Stackalee – Bama (Alan Lomax field recording): The different versions of the Stagger Lee tale evolved by oral transmission, like a game of “telephone.” Penitentiaries and work farms were a particularly fertile ground for this process, bringing together individuals with an affinity for the material who also had the practical need for singing – to keep time while working. The father-and-son team of folklorists, John and Alan Lomax, should be thanked for preserving many such versions of Stagger Lee (and countless other folk songs). This one, recorded by Alan Lomax in 1947 at Mississippi’s notorious Parchman Farm, is one of the best, a hair-raising a cappella lament. “Billy, I thought you was a gamblin’ man.”

Wrong 'Em Boyo – The Clash: Like the later Nick Cave version, many people erroneously think this one was an original. In fact, it’s a very faithful cover of a 1967 version by a reggae band called The Rulers. If Lloyd Price managed to make himself Stagger Lee’s first cheerleader, The Clash are the first to take Stag and Billy round the pub to talk some sense into them. The song veers between first-person snarl and third-person admonition, but always with an unmistakably happy bounce. The boys know right from wrong, but the suspicion remains that they really just wanna have fun. “Don’t you know it is wrong to cheat the Stagger man?”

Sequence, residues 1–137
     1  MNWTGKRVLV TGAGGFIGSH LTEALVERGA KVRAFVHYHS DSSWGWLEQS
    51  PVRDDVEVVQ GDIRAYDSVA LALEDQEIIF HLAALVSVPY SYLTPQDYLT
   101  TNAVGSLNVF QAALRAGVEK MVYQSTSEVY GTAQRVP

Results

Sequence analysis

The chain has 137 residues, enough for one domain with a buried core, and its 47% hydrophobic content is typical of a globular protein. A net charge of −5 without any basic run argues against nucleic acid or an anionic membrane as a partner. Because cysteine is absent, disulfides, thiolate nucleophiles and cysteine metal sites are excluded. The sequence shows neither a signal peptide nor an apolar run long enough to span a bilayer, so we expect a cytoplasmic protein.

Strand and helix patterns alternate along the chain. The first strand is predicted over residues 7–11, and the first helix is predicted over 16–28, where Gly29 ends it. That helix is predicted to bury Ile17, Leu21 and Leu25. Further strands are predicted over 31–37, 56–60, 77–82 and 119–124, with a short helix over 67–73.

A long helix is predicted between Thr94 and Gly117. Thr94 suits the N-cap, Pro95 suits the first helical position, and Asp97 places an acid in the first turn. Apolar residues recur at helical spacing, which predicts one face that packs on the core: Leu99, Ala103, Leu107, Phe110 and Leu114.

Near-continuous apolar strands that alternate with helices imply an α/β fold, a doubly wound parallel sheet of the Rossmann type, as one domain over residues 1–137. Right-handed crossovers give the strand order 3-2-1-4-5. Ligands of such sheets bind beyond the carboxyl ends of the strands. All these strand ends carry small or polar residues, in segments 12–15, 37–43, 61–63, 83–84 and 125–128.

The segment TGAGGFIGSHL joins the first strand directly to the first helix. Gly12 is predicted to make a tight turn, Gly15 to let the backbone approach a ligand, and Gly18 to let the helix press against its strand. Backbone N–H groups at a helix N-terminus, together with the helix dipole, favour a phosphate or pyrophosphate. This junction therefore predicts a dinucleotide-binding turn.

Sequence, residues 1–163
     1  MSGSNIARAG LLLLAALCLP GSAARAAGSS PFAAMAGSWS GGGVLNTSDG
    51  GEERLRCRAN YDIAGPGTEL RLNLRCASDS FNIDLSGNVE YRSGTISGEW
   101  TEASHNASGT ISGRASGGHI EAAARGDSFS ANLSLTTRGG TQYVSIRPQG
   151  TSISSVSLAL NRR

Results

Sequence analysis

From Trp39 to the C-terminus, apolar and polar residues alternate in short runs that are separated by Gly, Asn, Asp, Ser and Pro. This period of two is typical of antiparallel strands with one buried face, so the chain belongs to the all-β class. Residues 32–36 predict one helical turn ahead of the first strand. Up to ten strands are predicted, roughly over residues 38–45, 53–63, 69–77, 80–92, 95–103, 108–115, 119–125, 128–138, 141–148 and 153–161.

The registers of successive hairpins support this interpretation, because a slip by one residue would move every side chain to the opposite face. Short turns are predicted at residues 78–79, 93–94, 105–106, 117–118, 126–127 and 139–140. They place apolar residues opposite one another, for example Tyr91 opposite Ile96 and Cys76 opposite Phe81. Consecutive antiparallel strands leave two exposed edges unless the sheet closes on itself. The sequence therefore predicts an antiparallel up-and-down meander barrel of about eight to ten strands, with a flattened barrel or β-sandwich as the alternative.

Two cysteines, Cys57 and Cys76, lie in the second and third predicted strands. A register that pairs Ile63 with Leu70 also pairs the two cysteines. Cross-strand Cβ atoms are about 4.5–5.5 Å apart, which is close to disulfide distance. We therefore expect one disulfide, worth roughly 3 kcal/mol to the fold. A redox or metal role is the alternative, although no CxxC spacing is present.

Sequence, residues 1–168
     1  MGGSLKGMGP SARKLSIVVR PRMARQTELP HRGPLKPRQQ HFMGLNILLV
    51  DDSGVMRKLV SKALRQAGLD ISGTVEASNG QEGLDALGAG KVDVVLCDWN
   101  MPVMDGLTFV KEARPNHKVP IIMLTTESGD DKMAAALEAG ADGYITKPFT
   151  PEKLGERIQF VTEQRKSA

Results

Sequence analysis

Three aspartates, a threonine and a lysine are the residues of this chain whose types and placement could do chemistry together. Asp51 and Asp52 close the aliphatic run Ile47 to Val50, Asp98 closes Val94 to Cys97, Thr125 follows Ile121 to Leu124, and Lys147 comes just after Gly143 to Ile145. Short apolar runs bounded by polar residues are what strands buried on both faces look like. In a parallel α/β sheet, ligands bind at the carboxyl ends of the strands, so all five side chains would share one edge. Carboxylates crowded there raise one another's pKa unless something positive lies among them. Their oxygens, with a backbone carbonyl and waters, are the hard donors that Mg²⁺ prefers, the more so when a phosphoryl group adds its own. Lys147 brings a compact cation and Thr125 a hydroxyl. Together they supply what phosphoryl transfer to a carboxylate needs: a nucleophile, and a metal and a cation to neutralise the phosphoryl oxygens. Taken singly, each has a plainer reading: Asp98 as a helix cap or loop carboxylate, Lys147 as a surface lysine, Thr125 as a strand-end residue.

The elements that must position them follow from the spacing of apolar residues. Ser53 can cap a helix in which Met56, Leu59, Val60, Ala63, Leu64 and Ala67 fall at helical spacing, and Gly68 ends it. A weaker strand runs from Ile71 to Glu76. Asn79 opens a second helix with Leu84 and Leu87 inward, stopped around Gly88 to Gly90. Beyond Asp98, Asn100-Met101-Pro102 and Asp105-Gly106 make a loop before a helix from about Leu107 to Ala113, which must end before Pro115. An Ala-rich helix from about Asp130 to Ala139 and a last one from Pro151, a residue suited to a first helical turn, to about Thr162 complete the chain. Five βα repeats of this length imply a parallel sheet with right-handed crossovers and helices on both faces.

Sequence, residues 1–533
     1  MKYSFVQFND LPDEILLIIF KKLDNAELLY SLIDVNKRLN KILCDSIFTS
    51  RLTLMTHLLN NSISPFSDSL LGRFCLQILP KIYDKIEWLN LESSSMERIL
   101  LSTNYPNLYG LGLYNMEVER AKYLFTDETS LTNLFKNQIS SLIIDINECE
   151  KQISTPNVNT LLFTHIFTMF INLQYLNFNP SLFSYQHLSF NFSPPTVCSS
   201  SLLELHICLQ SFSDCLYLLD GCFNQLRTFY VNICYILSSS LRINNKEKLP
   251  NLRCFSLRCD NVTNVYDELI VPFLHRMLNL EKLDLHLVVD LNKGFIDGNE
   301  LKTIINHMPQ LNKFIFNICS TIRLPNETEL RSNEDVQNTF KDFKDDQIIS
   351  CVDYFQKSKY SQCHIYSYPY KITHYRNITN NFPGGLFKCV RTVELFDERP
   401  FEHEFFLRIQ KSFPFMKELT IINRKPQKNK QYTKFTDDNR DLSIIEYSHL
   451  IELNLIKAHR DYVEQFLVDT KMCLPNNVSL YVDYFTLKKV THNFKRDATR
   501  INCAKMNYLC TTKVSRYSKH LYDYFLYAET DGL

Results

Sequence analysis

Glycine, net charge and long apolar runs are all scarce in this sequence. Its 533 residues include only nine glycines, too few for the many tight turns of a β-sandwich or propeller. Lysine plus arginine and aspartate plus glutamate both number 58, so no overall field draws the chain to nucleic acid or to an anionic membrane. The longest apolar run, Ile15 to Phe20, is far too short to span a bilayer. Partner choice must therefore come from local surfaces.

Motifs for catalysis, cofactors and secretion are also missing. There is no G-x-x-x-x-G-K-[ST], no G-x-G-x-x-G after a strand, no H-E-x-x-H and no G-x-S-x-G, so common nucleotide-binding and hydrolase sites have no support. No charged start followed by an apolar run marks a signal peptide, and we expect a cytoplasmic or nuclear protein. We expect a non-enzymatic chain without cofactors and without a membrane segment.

Stack-O-Lee (1960s live version) – Mississippi John Hurt: Hurt prefaces this version with a sly spoken-word intro, a story about Stag and his partner robbing a coal mine craps game. This is a good example of the flexibility of the Stagger Lee myth. The spoken-word intro and the song both tell stories of Stagger Lee, but they’re not the same story. Nonetheless, there’s no contradiction; Stagger Lee is always who the singer says he is. “Stack-o-lee was a desperator.”

Stagger Lee (Bandstand Version) – Lloyd Price: When Lloyd Price appeared on American Bandstand, a curious thing happened. Dick Clark and/or ABC decided that a song about an unrepentant murderer might not be the best thing for his audience of teenyboppers, so Clark insisted that Price rework the song to make it suitable for national television. Price responded with this version, reinventing Stagger Lee as a – well – wuss who falls down and cries when that mean ol’ Billy steals his girlfriend. The tune remains as rockin’ as ever – in his book Mystery Train, Greil Marcus points out that the band is even hotter on this version. I have to conclude, though, that the lyrics are a deliberate satire on Clark’s intentions. Tell me anybody could have meant this seriously: “Stagger Lee and Billy never fussed and fight no more/Because he got back his girlfriend/And Stagger Lee was no more sore.”